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P347 Evaluation of step up therapy in patients with early ulcerative colitis: a prospective cohort study

Bossuyt P.*1,2, Baert F.3, Coenegrachts J.-L.4, De Vos M.5, Dewit O.6, Ferrante M.7, Fontaine F.8, Mana F.9, Vandervoort J.10, Moreels T.11 Belgian IBD Research and Development Group

1University Hospitals Leuven, Department of Gastroenterology, Leuven, Belgium 2Imelda GI Clinical Research Center, Department of Gastroenterology, Bonheiden, Belgium 3AZ Delta, Department of Gastroenterology, Roeselare, Belgium 4Jessa Hospital Hasselt, Department of Gastroenterology, Hasselt, Belgium 5Ghent University Hospital, Gastroenterology, Ghent, Belgium 6UCL Saint-Luc, Department of Gastroenterology, Brussels, Belgium 7UZ Leuven, Campus Gasthuisberg, Department of Gastroenterology and Hepatology, Leuven, Belgium 8CHC Site St. Joseph, Department of Gastroenterology, Liège, Belgium 9UZ Brussels, Department of Gastroenterology, Brussels, Belgium 10OLV Hospital Aalst-Asse-Ninove, Departement Of Gastroenterology, Aalst, Belgium 11University Hospital Antwerp, Department of Gastroenterology and Hepatology, Edegem, Belgium


The natural history of ulcerative colitis (UC) is unpredictable. The current approach is gradual step-up (SU) therapy in the majority of patients. Data on the need for and factors influencing SU therapy beyond 5ASA or steroids are understudied.

The aim of the study is to describe the first year SU therapy in patients with early UC failing on 5-ASA or steroids.


In this prospective multicentre observational trial patients with UC failing on 5-ASA and/or steroids where followed for 12 months. Patient characteristics, demographics, medical therapy, biomarkers, therapy adherence and quality of life were evaluated at every out-patient visit.


A total of 103 patients (54% male, median age 40 years, median disease duration 17 months) were included. Only 2% were active smokers, while 51% were ex-smokers. Of the 103 patients 34%, 24% and 42% were 5-ASA-refractory, cortico-dependent and cortico-refractory respectively. After 1 year of follow up 81% of patients had mild or inactive UC based on the Mayo score. Sixty percent of patients had been treated with immunomodulators and 30% with biological therapy. Eighteen percent used combination therapy, representing only 54% of patients on anti-TNF therapy. The median time to initiation of immunomodulators and anti-TNF was 1 day and 55 days respectively, with a quicker initiation of anti-TNF treatment in cortico-dependent (34 days; 95% CI: 0–148) and cortico-refractory (57 days; 95% CI: 2–181) patients as compared to 5-ASA-refractory patients (97 days; 95% CI: 17–262). In total, 24/43 (56%) cortico-refractory patients started anti-TNF treatment. This was a significantly higher number compared to 4/25 (16%) of the cortico-dependent group (p=0.002) and 7/35 (20%) of the 5-ASA-refractory group (p=0.002). Biomarkers (CRP and platelet count) and clinical scores were numerically higher at initiation of anti-TNF therapy compared to immunomodulators. Whereas the use of faecal calprotectin was negligible (7%) in therapeutic decision making. Two patients underwent colectomy. Based on the results of the MMAS-8 questionnaire, patients with severe disease at baseline presented a lower median MMAS-8 score throughout the study period and thus were less adherent to therapy.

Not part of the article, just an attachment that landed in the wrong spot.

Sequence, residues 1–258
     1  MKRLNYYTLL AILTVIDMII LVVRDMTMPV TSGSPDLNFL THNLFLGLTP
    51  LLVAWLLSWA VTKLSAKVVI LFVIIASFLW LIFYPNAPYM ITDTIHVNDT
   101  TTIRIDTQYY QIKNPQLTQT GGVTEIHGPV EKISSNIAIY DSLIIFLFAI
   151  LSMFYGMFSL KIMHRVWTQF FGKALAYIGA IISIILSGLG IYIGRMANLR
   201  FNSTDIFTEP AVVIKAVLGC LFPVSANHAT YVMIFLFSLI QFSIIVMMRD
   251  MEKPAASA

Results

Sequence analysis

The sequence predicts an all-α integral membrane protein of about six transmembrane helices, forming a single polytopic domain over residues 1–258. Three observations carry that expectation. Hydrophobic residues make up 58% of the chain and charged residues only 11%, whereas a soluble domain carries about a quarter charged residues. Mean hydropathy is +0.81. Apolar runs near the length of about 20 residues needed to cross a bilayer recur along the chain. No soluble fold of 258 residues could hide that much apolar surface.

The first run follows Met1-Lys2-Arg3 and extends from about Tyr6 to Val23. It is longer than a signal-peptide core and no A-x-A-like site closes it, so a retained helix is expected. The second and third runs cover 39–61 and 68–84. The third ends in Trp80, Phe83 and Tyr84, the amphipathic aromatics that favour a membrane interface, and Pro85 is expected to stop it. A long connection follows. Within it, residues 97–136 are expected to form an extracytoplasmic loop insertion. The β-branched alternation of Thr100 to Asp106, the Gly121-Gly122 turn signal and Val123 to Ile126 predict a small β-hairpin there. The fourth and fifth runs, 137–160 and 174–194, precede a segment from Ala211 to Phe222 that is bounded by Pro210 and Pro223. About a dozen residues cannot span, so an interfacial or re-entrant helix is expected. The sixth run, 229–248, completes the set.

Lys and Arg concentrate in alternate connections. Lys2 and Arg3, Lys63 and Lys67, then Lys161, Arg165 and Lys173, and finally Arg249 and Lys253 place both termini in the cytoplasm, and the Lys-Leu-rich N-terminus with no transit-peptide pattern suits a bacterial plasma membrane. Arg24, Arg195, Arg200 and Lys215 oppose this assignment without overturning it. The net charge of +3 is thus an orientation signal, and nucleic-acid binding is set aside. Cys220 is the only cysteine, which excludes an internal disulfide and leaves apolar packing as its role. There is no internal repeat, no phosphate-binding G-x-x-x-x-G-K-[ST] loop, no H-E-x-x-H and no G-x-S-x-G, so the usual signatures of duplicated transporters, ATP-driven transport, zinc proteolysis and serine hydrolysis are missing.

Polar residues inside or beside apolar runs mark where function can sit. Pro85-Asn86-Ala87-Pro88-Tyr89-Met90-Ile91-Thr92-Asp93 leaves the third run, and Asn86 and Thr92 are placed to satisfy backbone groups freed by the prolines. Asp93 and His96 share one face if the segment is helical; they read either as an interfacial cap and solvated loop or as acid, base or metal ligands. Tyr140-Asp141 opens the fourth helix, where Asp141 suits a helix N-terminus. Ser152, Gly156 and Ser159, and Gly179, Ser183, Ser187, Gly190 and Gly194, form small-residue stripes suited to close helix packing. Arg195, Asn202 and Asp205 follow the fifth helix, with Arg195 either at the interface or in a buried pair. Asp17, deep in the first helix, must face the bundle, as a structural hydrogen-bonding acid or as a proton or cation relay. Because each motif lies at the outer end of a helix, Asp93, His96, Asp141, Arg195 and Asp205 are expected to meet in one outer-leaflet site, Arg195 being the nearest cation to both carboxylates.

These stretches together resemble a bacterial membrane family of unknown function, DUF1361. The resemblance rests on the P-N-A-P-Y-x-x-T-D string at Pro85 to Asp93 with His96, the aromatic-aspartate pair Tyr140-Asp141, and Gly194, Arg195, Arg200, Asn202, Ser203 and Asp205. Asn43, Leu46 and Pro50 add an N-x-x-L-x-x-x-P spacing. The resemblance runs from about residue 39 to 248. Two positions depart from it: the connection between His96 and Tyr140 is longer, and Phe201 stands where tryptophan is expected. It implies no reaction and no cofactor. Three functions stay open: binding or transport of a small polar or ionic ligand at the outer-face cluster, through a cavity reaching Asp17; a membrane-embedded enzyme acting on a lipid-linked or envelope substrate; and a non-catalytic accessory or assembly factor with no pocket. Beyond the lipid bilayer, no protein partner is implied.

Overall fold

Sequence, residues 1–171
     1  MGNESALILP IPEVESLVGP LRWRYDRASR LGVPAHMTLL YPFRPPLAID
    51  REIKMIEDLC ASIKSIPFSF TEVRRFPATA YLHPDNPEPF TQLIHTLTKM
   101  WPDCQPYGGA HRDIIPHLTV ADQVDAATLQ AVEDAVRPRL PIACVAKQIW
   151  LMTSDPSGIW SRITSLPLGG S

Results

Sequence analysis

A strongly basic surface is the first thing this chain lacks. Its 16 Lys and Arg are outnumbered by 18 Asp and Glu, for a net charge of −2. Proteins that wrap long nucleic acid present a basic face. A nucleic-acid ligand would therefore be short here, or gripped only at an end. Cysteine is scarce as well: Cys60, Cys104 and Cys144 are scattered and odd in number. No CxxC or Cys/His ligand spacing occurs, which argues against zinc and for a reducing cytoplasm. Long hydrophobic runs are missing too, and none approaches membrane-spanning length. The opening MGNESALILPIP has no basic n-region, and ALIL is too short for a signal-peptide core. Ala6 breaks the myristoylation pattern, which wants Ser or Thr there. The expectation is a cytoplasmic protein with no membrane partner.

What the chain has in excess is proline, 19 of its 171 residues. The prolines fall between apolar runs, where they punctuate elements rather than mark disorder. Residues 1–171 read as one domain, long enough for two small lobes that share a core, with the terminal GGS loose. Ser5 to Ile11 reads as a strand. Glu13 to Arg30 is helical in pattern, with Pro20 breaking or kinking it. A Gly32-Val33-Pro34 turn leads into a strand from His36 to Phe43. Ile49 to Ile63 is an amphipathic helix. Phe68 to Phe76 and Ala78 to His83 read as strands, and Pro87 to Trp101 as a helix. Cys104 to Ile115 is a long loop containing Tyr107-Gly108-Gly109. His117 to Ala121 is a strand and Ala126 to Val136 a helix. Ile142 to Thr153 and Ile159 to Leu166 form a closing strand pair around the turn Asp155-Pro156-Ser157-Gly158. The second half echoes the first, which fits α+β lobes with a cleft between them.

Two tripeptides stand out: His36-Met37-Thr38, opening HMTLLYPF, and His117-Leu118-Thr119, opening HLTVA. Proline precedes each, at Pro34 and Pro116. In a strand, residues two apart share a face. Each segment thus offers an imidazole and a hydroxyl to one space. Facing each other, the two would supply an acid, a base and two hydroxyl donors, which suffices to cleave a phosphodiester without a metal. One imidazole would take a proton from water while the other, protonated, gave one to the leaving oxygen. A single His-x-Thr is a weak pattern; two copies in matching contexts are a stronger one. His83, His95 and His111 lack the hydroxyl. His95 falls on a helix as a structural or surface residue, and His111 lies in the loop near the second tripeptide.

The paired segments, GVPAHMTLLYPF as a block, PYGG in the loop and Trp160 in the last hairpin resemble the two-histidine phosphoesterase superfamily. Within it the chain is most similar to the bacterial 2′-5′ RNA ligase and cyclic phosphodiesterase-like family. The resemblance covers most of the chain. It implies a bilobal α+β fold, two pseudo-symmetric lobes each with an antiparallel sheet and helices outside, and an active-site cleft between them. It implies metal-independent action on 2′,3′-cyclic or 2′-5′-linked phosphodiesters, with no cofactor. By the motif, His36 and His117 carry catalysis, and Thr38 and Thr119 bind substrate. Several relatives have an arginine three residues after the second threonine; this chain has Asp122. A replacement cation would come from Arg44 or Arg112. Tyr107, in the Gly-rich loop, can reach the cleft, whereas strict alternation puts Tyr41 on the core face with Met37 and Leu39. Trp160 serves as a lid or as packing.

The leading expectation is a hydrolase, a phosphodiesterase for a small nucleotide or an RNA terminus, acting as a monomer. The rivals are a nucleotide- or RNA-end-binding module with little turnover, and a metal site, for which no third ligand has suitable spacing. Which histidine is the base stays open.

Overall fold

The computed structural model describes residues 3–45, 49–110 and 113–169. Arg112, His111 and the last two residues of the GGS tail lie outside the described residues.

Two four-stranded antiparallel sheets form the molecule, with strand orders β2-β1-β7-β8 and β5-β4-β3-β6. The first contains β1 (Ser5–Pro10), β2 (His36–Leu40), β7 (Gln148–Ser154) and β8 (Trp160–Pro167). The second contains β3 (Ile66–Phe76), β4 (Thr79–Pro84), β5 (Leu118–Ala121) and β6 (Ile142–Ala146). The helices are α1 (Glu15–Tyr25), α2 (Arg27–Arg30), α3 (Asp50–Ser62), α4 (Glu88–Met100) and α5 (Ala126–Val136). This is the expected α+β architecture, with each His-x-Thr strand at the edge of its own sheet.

In patients with early UC a step up approach leads to good clinical outcomes at 1 year. Immunomodulators are initiated very early in patient flaring on 5-ASA or steroids, and up to 30% will be on anti-TNF treatment within 1 year, with cortico-refractory patients having the highest risk. Surprisingly, combination therapy is not used very often in daily clinical practice. The gradual SU and the acceleration of the therapy are based on sanguine biomarkers and clinical scores, not on faecal calprotectin levels.